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Some Irish hospitals 'wilfully disregarding' HSE policy on maternity visits

Some Irish hospitals are still “wilfully disregarding” the HSE’s national policy on partner...
Michael Staines
Michael Staines

20.31 24 Jun 2021


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Some Irish hospitals 'wilfully...

Some Irish hospitals 'wilfully disregarding' HSE policy on maternity visits

Michael Staines
Michael Staines

20.31 24 Jun 2021


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Some Irish hospitals are still “wilfully disregarding” the HSE’s national policy on partners attending maternity units.

On The Hard Shoulder earlier this week, the Health Minister Stephen Donnelly said every maternity unit in the country would be following the same rules by the end of the day.

He said that would see partners permitted to attend throughout the entire labour process, during neonatal care, during the 20-week scan and for at least 30 minutes a day in other circumstances.

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He said full labour “includes being induced, right the way through, if being induced is part of it.”

On the show this evening however, Fórsa director and maternity care campaigner Linda Kelly said some hospitals are following the rule while others are only allowing partners in at 4cm dilation.

Some Irish hospitals 'wilfully disregarding' HSE policy on maternity visits

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“I got a message late last night from a woman in the west of Ireland to say she was due for an induction today,” she said.

“First-time mum, very anxious about it, and she called the hospital and was told that under no circumstances was her partner to attend with her for the induction – that he would be allowed in when she reached this magical 4cm rule.

“I am also aware that the same situation is happening in Limerick and in the Rotunda as well. That is just the handful of hospitals that have contacted me in the last 12 hours.”

At a briefing this afternoon, the HSE CCO Dr Colm Henry said the guidance clearly states that partners should be with women in labour wards.

He said the 4cm is in place at hospitals that start labour outside the ward.

Ms Kelly said hospitals have been refusing to follow national guidance since the HSE’s first attempts to ease restrictions back in November.

“The situation is now drastically different with all staff vaccinated, lots of pregnant women vaccinated, with lots of partners now vaccinated and, you know, community transmission now really low,” she said.

“Yet we can’t seem to get this right and it is baffling at this stage.”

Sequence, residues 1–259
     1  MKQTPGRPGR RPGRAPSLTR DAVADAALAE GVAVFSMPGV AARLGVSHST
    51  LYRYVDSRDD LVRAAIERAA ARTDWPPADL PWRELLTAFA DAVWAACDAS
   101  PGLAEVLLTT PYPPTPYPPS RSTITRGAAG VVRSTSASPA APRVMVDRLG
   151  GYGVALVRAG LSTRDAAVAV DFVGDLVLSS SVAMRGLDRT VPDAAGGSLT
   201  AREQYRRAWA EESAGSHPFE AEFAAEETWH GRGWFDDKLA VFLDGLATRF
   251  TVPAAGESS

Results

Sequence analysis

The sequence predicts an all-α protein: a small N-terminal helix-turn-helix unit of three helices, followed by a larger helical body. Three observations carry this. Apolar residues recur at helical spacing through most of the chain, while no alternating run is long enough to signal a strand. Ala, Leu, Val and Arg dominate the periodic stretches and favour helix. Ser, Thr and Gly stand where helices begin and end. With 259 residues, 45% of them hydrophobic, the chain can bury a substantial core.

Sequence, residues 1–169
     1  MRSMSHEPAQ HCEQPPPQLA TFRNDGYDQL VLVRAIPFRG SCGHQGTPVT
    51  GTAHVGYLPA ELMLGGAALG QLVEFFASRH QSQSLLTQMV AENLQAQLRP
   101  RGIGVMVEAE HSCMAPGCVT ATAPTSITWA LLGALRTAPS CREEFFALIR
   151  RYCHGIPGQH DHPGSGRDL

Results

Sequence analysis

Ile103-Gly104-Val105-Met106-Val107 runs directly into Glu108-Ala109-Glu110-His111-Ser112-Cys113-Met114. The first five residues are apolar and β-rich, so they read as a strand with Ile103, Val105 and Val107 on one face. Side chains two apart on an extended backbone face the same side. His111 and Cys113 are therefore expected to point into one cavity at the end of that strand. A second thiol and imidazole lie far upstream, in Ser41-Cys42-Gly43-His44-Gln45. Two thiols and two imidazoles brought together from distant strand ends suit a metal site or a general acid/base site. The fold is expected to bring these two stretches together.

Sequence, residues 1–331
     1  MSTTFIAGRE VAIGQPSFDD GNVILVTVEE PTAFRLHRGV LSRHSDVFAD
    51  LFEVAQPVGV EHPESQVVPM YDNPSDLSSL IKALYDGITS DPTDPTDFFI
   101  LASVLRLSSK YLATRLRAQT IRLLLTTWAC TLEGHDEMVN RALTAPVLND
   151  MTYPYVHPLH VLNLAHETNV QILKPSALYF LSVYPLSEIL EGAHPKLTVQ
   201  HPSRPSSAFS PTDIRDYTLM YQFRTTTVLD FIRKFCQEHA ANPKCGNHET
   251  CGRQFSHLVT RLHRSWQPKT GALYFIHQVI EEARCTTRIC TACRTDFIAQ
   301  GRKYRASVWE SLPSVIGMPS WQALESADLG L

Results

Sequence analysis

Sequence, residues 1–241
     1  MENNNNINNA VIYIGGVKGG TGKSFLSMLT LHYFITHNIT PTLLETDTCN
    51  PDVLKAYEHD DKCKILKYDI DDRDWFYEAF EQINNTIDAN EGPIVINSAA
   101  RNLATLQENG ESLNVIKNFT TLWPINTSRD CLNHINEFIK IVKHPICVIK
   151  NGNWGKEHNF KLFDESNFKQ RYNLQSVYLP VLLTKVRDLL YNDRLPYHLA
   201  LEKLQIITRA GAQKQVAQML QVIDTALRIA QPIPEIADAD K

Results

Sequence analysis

Wilfully disregarding

She said there have always been delays between the time the HSE directs something at national level and hospitals implementing it – but suggested the recent controversy goes deeper.

“What we have seen over the last six months is hospitals wilfully disregarding the HSE national policy,” she said.

“There are so many layers of management between the hospitals and Colm Henry and Paul Reid that, whether their communication itself is flawed or whether it is wilful … the hospitals have had to be brought kicking and screaming to implement the most basic care for women around these restrictions and at this stage, women are exhausted, partners are irate and we need to bring an end to it.”

Mixed wards

Ms Kelly also warned that it makes no sense to have different rules for neonatal and postnatal care because the wards are mixed in many hospitals.

“One heart-breaking message I got this afternoon was from a woman who was being induced in a ward; who couldn’t have her partner with her - her partner was waiting in the car park - yet the partner of another woman in the ward was attending for a post-natal visit because their baby had been born,” she said.

“How does that make sense from an infection control point of view?”

Maternity

She noted that the World Health Organisation has said women should have their partners with them throughout labour while Irish hospitals are “making arbitrary rules about 4cm ante-natal wards and they are not publishing any of the evidence to back up their position.”

“We can’t seem to get to grips with one nominated support partner, typically from the same household as the pregnant person, coming in for the birth of their child from start to finish,” she said.

Newstalk has been highlighting the concerns of new mothers right through the pandemic.

Last week, a caller to the show named ‘John’ described how he was not permitted to enter the maternity unit while his wife was having a miscarriage and said trying to console her by text message was “barbaric.”

On Monday, two callers named Jim and Gemma shared similar experiences.

You can listen back to Ms Kelly here:

Some Irish hospitals 'wilfully disregarding' HSE policy on maternity visits

00:00:00 / 00:00:00

    


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